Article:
The possible interval anomaly scores are:
0 through 99.4
The analysis interval contains messages and message clusters that match or exhibit relatively insignificant differences in expected behavior, as defined in the ADE model. A score of 0 is possible because ADE eliminates all expected, in-context messages from its scoring calculation. A score of 0 indicates intervals that exhibit no difference in behavior compared to the group model. Analysis intervals with scores that are greater than 0 but less than 99.5 contain some messages that are unexpected or issued out of context. Scores in this range indicate intervals that do not vary significantly from the system model. Analysis intervals with this score contain some rarely seen, unexpected, or out-of-context messages. Generally speaking, this score indicates analysis intervals with some differences from the system or group model but do not contain messages of much diagnostic value.
99.6 - 100
Analysis intervals with this score contain rarely seen messages (these messages appear in the model only once or twice), or many messages that are unexpected or issued out of context. This score indicates analysis intervals with more differences from the group model; these intervals can contain messages that might help you diagnose anomalous system behavior.
Analysis intervals with this score exhibit the most significant differences from the group model; these intervals contain messages that merit investigation. ADE assigns this score to analysis intervals
- Unusual or unexpected messages.
- A much higher volume of messages than expected.
Messages not in the modelIn the message traffic for a Linux system, ADE detected one or more messages that are not in the current model that is in use for analysis. These messages might have been issued by the Linux system before, and therefore might have been included in previous models, but are not in the current model. In the Anomaly Detection Engine Interval View, the entry for this type of new message displays one of the following values in the Periodicity Status column:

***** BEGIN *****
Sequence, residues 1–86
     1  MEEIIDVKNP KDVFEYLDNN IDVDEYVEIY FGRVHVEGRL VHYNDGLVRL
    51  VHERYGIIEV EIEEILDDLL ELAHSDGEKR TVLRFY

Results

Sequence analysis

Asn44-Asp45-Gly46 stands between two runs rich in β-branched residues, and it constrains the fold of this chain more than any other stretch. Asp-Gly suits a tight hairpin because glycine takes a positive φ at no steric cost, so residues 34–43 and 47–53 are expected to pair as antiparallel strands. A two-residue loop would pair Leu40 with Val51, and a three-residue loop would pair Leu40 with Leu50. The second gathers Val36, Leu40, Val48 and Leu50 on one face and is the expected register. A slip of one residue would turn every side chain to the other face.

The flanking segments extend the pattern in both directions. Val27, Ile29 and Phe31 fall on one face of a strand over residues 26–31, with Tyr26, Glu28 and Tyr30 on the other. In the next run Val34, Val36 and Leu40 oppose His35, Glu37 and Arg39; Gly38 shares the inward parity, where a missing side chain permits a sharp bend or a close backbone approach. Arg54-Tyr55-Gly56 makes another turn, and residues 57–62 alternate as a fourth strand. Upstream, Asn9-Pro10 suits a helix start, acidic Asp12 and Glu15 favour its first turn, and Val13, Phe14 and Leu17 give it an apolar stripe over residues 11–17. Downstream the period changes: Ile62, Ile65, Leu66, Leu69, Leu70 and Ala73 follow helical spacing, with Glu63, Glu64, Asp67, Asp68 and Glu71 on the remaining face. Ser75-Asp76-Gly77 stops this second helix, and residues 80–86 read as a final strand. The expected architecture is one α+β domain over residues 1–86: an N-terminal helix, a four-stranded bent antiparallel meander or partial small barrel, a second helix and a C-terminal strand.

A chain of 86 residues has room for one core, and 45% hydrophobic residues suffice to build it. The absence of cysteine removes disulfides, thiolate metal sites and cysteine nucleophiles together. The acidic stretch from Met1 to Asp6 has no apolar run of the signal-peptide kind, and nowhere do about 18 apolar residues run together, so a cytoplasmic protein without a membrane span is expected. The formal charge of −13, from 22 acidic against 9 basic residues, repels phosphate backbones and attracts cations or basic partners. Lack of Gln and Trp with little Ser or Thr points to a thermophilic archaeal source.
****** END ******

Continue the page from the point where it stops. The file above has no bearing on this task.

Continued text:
- NEW, if the message has never been reported in analysis results
- NOT_PERIODIC, if the message was in a previous model and was random
- NOT_IN_SYNC, if the message was in a previous model at an expected time
Message new to analyzeIn the message traffic for a specific Linux system, ADE detected one or more messages that the system has issued for the first time since the day on which the ADE began reporting analysis results for this system. In the Anomaly Detection Engine Interval View, the entry for this type of new message displays the following attributes:
- The value New in the Periodicity Status column
- A dash (–) in the Last Issued column Only if the initial occurrence of the message is followed by subsequent occurrences within the same analysis interval, the Last Issued column contains a date and time.
Measuring behavior of a message
A message anomaly score is created by comparing the patterns of message traffic observed during the interval being analyzed with the expected pattern of message traffic observed during all the intervals that are within the training period.
- Through the training process, the ADE determines which messages are issued during routine system events. For such system events, ADE identifies and recognizes groups of messages that are associated with each event. The message groups are called clusters and define the normal context for the messages in the cluster. When ADE detects a specific message that is issued outside of its expected context (that is, without the other messages in the cluster), ADE assigns a higher message anomaly score, which is combined with the other message anomaly scores in the interval to assign the interval anomaly score.
- ADE also detects messages that are issued periodically; for example, a message that is issued every 11 minutes. This attribute affects the anomaly score when a periodic message is not issued as expected.
- Also through the training process, ADE determines the distribution of each unique message key (message ID) within a collection of intervals in the message data used for training. This distribution influences the interval anomaly score that the ADE creates for an interval